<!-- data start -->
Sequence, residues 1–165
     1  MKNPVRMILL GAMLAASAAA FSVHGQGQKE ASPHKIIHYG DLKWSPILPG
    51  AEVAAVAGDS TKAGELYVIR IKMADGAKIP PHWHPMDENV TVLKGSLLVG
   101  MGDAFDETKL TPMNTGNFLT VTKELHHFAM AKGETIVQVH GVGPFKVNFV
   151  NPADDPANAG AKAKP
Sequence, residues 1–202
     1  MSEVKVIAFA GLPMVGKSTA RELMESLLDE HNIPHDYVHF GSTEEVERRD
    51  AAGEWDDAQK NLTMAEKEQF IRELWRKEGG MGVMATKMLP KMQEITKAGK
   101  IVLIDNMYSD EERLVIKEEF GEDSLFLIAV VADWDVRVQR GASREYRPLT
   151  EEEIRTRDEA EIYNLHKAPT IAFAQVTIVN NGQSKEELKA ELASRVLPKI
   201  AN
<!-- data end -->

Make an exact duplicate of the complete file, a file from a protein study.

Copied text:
Sequence, residues 1–165
     1  MKNPVRMILL GAMLAASAAA FSVHGQGQKE ASPHKIIHYG DLKWSPILPG
    51  AEVAAVAGDS TKAGELYVIR IKMADGAKIP PHWHPMDENV TVLKGSLLVG
   101  MGDAFDETKL TPMNTGNFLT VTKELHHFAM AKGETIVQVH GVGPFKVNFV
   151  NPADDPANAG AKAKP
Sequence, residues 1–202
     1  MSEVKVIAFA GLPMVGKSTA RELMESLLDE HNIPHDYVHF GSTEEVERRD
    51  AAGEWDDAQK NLTMAEKEQF IRELWRKEGG MGVMATKMLP KMQEITKAGK
   101  IVLIDNMYSD EERLVIKEEF GEDSLFLIAV VADWDVRVQR GASREYRPLT
   151  EEEIRTRDEA EIYNLHKAPT IAFAQVTIVN NGQSKEELKA ELASRVLPKI
   201  AN